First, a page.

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Why Luanda is the world’s most expensive city

Angola’s capital Luanda was this year again ranked as the world’s most expensive city for expatriates in consulting firm Mercer’ 2011 Cost of Living Survey.

Luanda, Angola

Luanda, Angola

It appears that the main reasons why Luanda was ranked as the most expensive city are because of the high costs of goods and steep rental accommodation rates. “Goods are very expensive, generally speaking, in Luanda . . . In Luanda rental prices beat records, and over there a house may cost more than US$20,000 per month,” commented Mercer’s Marie-Laurence Sépède.

“Finding good and secure accommodation for expatriate employees is a real challenge in most of the African cities on the list and costs can be significant compared to other regions,” said Nathalie Constantin-Metral, a senior researcher at Mercer.

Every year the survey is conducted for companies and governments who send employees abroad.

The two elements that impact the position of a city in the rankings are currency fluctuations and price movements. New York is used as a base city to calculate the ranking, and currency fluctuations against the US dollar will affect a city’s position.

Mercer has developed a basket of goods and services that contain over 200 items. “The basket includes categories of items such as food, clothing, transportation . . . but of course a very important element of it is the accommodation. The accommodation rental prices are highly weighted in the survey . . . [and] contributes a lot to the ranking of the city,” said Sépède.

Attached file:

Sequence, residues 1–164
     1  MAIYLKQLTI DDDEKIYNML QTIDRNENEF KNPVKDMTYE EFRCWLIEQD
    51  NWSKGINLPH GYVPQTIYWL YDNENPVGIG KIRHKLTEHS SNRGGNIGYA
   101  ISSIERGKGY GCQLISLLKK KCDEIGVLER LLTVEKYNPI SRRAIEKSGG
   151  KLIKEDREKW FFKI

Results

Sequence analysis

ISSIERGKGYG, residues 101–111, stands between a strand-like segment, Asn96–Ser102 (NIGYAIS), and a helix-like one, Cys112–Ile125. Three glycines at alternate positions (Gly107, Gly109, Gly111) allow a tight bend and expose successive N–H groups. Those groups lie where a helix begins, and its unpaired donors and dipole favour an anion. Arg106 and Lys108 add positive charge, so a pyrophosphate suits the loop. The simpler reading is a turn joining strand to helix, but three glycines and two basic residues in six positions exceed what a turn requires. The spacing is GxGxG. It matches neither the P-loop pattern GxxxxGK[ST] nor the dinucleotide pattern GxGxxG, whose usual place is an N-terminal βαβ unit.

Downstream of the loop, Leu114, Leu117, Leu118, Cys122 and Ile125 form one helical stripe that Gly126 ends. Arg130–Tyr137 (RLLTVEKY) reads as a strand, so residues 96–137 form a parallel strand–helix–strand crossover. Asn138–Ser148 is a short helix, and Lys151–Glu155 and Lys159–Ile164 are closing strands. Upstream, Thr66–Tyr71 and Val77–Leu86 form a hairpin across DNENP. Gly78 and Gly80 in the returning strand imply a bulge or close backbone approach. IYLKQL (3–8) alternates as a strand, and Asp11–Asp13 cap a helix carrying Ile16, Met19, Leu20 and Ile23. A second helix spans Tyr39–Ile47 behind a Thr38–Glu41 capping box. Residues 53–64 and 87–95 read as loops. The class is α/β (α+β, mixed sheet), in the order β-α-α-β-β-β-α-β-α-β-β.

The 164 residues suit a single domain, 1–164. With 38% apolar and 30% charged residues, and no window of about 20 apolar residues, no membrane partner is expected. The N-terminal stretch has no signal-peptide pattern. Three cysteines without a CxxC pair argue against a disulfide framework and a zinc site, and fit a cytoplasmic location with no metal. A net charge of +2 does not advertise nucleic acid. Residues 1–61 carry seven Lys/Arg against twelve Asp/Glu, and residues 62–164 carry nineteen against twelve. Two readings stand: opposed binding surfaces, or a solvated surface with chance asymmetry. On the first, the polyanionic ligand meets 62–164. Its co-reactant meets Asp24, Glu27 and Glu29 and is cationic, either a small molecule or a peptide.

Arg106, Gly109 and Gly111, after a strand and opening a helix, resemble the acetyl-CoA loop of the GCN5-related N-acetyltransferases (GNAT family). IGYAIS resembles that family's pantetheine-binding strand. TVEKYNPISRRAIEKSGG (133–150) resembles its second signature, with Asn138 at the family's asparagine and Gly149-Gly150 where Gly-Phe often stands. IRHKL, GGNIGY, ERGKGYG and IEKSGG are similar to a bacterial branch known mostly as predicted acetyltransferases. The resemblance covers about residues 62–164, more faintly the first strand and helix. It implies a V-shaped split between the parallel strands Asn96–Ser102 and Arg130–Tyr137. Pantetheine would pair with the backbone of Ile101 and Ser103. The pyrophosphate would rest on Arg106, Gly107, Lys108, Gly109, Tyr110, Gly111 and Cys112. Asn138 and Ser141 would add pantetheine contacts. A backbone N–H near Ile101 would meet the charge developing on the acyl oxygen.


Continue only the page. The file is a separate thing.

See Africa’s ten most expensive cities


  • likami

    Don’t blame Totori!!!! He/she is not open minded to realise English is not everyones first language and the fact that Arsene can manage to communicate indicates His willingnes to learn.

  • parari

    you all have sucking english!

  • totori

    Your english sucks Arsene. I didn’t get a thing of waht you said.

    • John

      If you really didn’t understand Arsene, then your English sucks Totori.

  • Monica

    I think as with most african markets that are rich in mineral resources, this will continue to remain a challenge, look at DRC for example… the wealth will remain within the upper echelon of maybe 1-2% of total population who unsurprisingly run the govt’s… thats Africa Sadly.

  • Arsène du Gabon

    I am sad by those who govern this country nevertheless so rich in raw material. Build guitars skies and residential batiments instead of an average Angolan cannot even allow it. I consider fermenent this city builds itself to welcome the employees of oil companies, and not for the Angolans. A country having on average income of about 50 billion dollars manages not to decrease no fusque half the insurportable poverty of his citizens, sad and really sad

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